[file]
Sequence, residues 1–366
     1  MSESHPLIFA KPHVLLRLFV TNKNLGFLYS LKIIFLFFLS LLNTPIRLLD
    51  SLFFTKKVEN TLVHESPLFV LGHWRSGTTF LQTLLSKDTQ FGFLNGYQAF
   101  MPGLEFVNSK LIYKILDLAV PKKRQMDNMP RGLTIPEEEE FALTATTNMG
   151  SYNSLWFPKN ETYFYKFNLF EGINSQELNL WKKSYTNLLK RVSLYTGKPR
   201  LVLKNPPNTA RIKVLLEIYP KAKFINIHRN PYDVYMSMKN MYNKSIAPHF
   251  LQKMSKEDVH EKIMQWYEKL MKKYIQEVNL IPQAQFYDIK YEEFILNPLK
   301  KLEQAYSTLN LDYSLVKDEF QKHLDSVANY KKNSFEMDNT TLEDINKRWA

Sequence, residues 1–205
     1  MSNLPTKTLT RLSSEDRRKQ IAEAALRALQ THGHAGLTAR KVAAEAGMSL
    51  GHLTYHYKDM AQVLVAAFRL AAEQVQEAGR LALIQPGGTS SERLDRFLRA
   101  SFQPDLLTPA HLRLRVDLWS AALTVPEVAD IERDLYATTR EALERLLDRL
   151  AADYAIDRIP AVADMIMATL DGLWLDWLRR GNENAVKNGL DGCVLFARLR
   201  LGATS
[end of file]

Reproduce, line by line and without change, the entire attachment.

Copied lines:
Sequence, residues 1–366
     1  MSESHPLIFA KPHVLLRLFV TNKNLGFLYS LKIIFLFFLS LLNTPIRLLD
    51  SLFFTKKVEN TLVHESPLFV LGHWRSGTTF LQTLLSKDTQ FGFLNGYQAF
   101  MPGLEFVNSK LIYKILDLAV PKKRQMDNMP RGLTIPEEEE FALTATTNMG
   151  SYNSLWFPKN ETYFYKFNLF EGINSQELNL WKKSYTNLLK RVSLYTGKPR
   201  LVLKNPPNTA RIKVLLEIYP KAKFINIHRN PYDVYMSMKN MYNKSIAPHF
   251  LQKMSKEDVH EKIMQWYEKL MKKYIQEVNL IPQAQFYDIK YEEFILNPLK
   301  KLEQAYSTLN LDYSLVKDEF QKHLDSVANY KKNSFEMDNT TLEDINKRWA

Sequence, residues 1–205
     1  MSNLPTKTLT RLSSEDRRKQ IAEAALRALQ THGHAGLTAR KVAAEAGMSL
    51  GHLTYHYKDM AQVLVAAFRL AAEQVQEAGR LALIQPGGTS SERLDRFLRA
   101  SFQPDLLTPA HLRLRVDLWS AALTVPEVAD IERDLYATTR EALERLLDRL
   151  AADYAIDRIP AVADMIMATL DGLWLDWLRR GNENAVKNGL DGCVLFARLR
   201  LGATS